This isn’t exactly Linux related but I thought I’d share my experiences on how I calibrated my TV. A great source on doing this is the LCD TV Buying Guide website. This is a great source on not only why TV’s need to be calibrated but also because it has settings for most popular models. Why do TV’s need to be calibrated? Basically most companies rig their TV settings so they look the best on the show floor. However this leads to things like picture tint, contrast exaggeration and other things that doesn’t reproduce the picture realistically. Even if your TV model doesn’t exist on the website, they say to look at a similar model that will a lot of times provide the settings you need. I found this to be true with one model of TV I had, but not another. Even if they have your model it doesn’t hurt to be a bit skeptical. I found for my model I had to change a few settings a tad bit further. I’m going to print the settings now and then tell you how you can calibrate it too if you’re able to connect your computer to the TV. This TV has the model number LN32C350D1DXZA but is known as the model LN32C350.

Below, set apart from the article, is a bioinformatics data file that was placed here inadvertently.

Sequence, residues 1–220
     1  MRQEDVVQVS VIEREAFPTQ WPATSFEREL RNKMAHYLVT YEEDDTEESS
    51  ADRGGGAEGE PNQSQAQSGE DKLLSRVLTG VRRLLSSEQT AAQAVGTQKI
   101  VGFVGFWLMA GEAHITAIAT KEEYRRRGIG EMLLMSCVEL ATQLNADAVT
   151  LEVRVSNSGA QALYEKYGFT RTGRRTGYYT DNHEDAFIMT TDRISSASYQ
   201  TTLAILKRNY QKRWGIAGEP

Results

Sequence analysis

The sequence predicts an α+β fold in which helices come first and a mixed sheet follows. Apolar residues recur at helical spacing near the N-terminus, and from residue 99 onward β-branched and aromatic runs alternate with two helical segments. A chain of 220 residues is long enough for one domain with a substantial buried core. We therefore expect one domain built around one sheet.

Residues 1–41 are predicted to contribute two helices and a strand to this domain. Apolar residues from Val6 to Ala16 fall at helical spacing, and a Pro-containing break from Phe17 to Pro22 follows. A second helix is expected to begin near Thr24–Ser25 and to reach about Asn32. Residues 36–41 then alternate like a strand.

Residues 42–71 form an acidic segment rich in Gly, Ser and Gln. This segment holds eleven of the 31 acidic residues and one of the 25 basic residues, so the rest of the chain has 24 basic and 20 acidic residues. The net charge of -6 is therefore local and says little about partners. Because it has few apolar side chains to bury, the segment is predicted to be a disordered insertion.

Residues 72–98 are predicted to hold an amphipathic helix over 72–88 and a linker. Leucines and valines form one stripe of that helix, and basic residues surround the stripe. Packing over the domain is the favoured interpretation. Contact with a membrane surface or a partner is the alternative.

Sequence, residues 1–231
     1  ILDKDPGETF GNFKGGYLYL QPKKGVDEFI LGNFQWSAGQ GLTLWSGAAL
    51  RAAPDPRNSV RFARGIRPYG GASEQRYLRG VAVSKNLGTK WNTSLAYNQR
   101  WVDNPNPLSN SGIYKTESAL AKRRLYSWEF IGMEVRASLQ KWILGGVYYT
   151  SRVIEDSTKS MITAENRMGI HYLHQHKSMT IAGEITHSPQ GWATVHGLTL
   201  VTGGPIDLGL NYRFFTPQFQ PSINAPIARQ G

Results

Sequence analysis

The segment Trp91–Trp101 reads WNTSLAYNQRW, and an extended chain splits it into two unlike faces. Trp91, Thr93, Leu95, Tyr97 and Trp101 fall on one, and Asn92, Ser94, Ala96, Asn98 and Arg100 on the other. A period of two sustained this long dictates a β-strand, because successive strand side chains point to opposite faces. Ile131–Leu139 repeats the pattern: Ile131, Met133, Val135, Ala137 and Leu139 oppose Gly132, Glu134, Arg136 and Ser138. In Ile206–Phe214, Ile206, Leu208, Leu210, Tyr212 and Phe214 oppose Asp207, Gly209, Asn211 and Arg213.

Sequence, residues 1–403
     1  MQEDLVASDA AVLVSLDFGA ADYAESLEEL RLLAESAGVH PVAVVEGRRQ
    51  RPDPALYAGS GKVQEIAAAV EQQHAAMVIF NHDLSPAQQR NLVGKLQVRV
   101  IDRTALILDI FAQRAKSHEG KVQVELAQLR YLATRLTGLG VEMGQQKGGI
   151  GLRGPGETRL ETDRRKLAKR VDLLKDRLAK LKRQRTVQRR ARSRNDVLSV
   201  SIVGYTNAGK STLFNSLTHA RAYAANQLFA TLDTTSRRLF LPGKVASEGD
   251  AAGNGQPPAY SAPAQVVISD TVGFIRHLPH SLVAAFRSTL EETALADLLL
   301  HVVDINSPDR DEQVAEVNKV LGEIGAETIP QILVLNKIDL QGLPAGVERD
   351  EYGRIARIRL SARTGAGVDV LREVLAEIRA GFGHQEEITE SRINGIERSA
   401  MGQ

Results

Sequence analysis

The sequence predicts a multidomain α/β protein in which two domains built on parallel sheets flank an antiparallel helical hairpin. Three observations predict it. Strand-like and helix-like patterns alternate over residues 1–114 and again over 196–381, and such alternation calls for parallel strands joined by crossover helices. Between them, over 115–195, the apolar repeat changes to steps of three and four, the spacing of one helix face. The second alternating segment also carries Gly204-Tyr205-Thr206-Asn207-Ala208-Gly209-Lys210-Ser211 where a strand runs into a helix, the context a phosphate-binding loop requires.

|Digital Noise Filter||Auto|
|HDMI Black Level||Normal|
The contrast is a bit stretched as to give a more in depth look, 92 is more accurate though.
Another good way to calibrate your TV is to use Lagom’s excellent computer monitor calibration tests. I always use this when I get a new computer monitor and it’s well worth the time if all else fails. Also another option is to use the THX video calibration that you will find on LucasArts movies (usually in the options menu).
Thanks to katzmaier at cnet forums for the basis if the white balance setting. Well that’s about it. If you haven’t messed around before with monitor calibration, I think you’ll find the doing so to be a pleasant experience.